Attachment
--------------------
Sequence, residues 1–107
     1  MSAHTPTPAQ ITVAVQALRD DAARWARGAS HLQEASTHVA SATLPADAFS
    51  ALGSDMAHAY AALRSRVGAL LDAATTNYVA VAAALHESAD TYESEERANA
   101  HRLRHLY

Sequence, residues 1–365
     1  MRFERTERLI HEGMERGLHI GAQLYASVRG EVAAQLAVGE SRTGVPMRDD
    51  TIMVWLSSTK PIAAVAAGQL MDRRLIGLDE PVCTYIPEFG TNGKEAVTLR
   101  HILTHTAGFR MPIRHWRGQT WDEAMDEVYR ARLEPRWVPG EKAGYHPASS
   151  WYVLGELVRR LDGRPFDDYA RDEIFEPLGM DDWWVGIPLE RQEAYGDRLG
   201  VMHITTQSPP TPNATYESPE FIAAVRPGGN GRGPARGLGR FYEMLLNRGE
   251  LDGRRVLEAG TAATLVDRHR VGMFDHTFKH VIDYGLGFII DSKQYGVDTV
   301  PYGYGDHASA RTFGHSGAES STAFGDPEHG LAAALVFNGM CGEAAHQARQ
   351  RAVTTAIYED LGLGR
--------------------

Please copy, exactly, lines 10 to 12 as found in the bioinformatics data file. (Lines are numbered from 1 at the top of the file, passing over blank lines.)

   201  VMHITTQSPP TPNATYESPE FIAAVRPGGN GRGPARGLGR FYEMLLNRGE
   251  LDGRRVLEAG TAATLVDRHR VGMFDHTFKH VIDYGLGFII DSKQYGVDTV
   301  PYGYGDHASA RTFGHSGAES STAFGDPEHG LAAALVFNGM CGEAAHQARQ